Intravenous fluid-associated morbidity in postoperative patients

Ann R Coll Surg Engl. 2005 Mar;87(2):126-30. doi: 10.1308/147870805X28127.


Introduction: There is marked variation in postoperative fluid prescribing which may contribute to postoperative morbidity. However, there are few data regarding the overall incidence of fluid associated morbidity in postoperative patients.

Patients and methods: Data regarding fluid and electrolyte prescription, fluid balance and intravenous fluid associated morbidity were prospectively collected from 71 patients representing 173 patient days of intravenous fluid therapy.

Results: There was no correlation between fluid and electrolytes prescription and pre-operative weight, serum electrolyte levels or ongoing fluid losses. 17% of patients developed significant fluid associated morbidity. 7 patients developed a tachyarrhythmia, which was associated with the prescription of inadequate maintenance potassium. 5 patients developed fluid overload, associated with excessive fluid volume and sodium administration.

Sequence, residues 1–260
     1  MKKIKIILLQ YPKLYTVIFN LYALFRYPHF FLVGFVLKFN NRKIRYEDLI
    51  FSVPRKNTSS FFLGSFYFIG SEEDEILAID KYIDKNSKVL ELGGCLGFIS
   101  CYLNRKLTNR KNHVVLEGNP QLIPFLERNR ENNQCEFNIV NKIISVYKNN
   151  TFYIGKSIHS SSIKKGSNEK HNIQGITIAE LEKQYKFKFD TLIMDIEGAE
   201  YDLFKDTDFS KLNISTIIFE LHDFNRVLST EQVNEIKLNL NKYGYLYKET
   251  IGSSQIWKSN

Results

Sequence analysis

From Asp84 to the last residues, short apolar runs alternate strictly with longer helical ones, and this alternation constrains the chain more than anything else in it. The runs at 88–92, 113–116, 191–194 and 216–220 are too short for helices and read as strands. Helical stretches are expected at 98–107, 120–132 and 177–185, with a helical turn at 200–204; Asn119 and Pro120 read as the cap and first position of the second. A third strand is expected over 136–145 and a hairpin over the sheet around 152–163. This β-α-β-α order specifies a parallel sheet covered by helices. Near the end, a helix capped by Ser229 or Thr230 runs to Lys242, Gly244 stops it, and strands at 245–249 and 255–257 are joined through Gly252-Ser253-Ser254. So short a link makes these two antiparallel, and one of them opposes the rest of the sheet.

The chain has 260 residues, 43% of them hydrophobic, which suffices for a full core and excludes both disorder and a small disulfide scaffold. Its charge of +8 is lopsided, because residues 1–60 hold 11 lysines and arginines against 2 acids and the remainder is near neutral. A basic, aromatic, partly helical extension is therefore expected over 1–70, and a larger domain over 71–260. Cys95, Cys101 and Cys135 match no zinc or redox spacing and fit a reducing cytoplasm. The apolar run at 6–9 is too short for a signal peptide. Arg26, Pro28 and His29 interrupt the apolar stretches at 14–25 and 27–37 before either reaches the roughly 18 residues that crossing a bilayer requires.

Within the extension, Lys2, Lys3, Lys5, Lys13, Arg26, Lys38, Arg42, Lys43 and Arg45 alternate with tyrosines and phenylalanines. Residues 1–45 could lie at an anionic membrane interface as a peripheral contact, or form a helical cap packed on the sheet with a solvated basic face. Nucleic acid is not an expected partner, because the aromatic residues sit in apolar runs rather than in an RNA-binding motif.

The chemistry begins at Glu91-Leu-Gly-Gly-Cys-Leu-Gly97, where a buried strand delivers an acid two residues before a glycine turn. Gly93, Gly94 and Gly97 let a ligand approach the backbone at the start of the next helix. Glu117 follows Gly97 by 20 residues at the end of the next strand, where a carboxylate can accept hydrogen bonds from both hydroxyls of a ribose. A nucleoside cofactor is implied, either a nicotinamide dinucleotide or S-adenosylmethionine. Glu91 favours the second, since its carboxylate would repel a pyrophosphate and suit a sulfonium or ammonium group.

Conclusions: Surgical house-staff do not appear to use the available fluid balance information when prescribing. The introduction of fluid prescribing protocols may improve practice. This study provides an accurate measure of fluid-associated morbidity in order to measure the efficacy of such protocols.

MeSH terms

  • Aged
  • Body Weight
  • Clinical Competence*
  • Clinical Protocols
  • England
  • Female
  • Fluid Therapy / adverse effects*
  • Fluid Therapy / standards
  • Humans
  • Male
  • Medical Audit
  • Middle Aged
  • Postoperative Care / adverse effects*
  • Postoperative Care / standards
  • Potassium / blood
  • Prospective Studies
  • Sodium / blood
  • Tachycardia / etiology
  • Water-Electrolyte Balance
  • Water-Electrolyte Imbalance / etiology


  • Sodium
  • Potassium